Around one-fifth of South Africa’s urban population live in shacks or informal dwellings, according to a 2018 report by SERI. Many more live in substandard housing. City governments maintain that the shacks destroyed during anti-land invasion operations are unfinished and unoccupied. But Edward Molopi, a research and advocacy officer at SERI, says that this claim is an attempt to escape their legal obligations to get a court order and to find alternative accommodation for affected people. 

The roots of the current eviction crisis go back to apartheid, which barred non-white people from living in cities. Between the 1940s and 1970s, tens of thousands of people were forcibly relocated from neighbourhoods like Johannesburg’s Sophiatown and Cape Town’s District Six to remote townships.

In the 26 years following the end of apartheid, deepening economic inequality and rampant unemployment have limited access to formal housing for millions of South Africans. Government housing programs have mostly focused on building small stand-alone homes, often on the peripheries of cities far from jobs and amenities.

While these well-intentioned projects have built millions of homes, they’ve failed to keep up with demand, says Marie Huchzermeyer, a professor at the Centre for Urbanism & Built Environment Studies at the University of the Witwatersrand in Johannesburg. Government-funded housing projects “will never on it’s own be enough,” she says. “It has to be accompanied by land release.”

Government policies call for the “upgrading” of informal settlements and the formalization of residents’ occupation. But “there are still very, very, very few projects” of that nature in South Africa, Huchzermeyer says. “Even if it’s an informal settlement that’s been around for 20 years, there still seems to be a political wish to punish people for having done that.” The government wants people to go through the formal process of being given a house, she says – and for them to be thankful to the government for providing it.

At the municipal level, change will require “real leadership around informal settlement upgrading and around ensuring that land is available for people to occupy,” she says.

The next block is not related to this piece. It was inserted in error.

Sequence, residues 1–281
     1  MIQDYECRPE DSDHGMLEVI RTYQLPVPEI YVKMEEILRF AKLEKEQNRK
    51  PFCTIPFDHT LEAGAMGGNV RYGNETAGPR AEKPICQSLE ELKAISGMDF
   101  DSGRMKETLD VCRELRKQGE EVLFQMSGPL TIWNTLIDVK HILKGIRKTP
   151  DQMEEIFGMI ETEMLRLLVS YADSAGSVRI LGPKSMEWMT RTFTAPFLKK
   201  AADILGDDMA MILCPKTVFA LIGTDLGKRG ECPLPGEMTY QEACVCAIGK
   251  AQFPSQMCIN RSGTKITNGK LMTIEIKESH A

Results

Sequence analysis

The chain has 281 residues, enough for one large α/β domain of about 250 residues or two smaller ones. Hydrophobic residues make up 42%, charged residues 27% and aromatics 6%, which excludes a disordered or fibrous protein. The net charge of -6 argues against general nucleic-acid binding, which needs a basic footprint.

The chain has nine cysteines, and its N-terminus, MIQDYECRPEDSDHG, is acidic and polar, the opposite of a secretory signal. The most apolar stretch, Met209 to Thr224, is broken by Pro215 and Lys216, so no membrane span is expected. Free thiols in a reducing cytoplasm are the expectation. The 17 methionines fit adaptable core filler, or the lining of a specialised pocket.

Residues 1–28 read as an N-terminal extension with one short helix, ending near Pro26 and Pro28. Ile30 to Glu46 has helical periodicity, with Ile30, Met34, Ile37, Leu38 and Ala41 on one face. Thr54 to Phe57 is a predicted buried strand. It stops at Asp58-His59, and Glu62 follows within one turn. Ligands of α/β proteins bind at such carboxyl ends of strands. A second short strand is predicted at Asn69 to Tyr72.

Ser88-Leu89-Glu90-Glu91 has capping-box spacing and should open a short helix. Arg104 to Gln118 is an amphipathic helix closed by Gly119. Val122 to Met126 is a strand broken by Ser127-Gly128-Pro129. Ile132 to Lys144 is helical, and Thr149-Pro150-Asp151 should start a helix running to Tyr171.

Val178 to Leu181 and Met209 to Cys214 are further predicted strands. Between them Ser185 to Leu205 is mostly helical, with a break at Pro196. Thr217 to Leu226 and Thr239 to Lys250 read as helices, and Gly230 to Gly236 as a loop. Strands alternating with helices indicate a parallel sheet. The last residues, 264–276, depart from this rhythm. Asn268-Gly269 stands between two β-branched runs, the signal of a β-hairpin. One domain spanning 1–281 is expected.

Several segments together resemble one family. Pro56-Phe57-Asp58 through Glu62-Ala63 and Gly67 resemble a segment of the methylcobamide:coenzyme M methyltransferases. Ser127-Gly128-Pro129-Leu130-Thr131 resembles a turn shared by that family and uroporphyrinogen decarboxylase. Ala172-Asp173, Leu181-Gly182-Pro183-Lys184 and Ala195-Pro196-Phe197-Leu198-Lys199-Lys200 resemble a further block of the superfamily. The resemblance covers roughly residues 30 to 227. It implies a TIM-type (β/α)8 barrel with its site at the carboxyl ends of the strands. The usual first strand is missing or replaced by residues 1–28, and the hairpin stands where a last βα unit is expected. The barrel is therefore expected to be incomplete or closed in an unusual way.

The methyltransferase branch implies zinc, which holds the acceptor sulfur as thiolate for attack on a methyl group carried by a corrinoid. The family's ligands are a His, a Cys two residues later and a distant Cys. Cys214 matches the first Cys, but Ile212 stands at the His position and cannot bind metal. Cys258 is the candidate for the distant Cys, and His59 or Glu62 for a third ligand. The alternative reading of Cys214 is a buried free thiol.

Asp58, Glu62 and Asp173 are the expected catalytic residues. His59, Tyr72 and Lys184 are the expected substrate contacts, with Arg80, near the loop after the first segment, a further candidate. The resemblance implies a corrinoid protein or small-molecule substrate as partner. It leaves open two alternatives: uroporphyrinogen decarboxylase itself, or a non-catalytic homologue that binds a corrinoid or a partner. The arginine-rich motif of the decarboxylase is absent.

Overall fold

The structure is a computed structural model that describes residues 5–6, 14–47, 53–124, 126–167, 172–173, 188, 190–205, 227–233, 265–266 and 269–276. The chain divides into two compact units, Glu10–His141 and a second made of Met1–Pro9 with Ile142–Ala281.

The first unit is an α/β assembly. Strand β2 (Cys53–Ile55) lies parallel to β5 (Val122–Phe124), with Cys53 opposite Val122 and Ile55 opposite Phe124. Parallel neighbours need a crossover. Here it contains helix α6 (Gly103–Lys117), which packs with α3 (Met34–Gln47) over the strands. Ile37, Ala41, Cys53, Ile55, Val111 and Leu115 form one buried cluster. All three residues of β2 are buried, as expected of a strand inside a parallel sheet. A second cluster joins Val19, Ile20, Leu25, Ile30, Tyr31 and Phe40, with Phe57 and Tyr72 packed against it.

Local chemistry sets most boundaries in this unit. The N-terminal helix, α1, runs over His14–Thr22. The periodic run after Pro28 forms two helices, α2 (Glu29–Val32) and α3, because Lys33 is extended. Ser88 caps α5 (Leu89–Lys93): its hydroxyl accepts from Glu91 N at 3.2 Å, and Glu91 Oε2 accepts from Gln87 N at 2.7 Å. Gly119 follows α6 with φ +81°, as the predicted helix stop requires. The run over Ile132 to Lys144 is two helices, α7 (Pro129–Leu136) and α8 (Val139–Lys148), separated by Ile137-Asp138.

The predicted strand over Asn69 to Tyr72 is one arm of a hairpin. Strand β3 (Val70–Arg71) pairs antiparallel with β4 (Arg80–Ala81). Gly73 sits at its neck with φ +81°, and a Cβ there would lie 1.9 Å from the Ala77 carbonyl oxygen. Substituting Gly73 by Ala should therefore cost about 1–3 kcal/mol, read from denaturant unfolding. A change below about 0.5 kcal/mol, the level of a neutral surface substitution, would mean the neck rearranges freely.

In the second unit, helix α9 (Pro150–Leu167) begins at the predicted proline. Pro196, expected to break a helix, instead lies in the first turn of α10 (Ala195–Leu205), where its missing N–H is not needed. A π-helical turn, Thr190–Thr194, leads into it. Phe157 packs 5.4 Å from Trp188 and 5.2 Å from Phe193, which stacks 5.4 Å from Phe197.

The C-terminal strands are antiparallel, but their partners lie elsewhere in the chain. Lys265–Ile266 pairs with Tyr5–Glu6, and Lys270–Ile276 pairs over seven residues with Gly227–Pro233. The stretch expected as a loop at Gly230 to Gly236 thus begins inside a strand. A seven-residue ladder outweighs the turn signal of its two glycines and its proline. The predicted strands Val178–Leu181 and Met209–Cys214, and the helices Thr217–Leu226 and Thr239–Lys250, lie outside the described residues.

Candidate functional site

Despite the end of enforced racial segregation, spacial apartheid remains a factor in South Africa. There are few mixed-income neighbourhoods. Those who can afford to often live behind walls in sprawling low-density suburbs, while the poor live in overcrowded slums and apartment buildings.

The creation of the apartheid city “didn't happen by chance,” says Amira Osman, a professor of architecture at the Tshwane University of Technology. “It was a deliberate, structured approach to the design of the city. We need a deliberate, structured approach that will undo that.”

Since last fall, Johannesburg’s Inclusionary Housing Policy has required developments of 20 or more units to set aside 30% of those units for low-income housing.

The policy, which faced significant opposition from private developers, won’t lead to dramatic change, says Sarah Charlton, a professor at the Centre for Urbanism and Built Environment Studies, but it is “an important and significant step.”

Zikode isn’t optimistic that change will come for shack dwellers, however.

“People in the high positions of authority pretend that everything is normal,” he says. “They pretend that everyone is treated justly, they pretend that everyone has homes with running water, that everyone has a piece of land – and hide the truth and the lies of our democracy.”

Jacob Serebrin is a freelance journalist currently based in Johannesburg. Follow him on Twitter.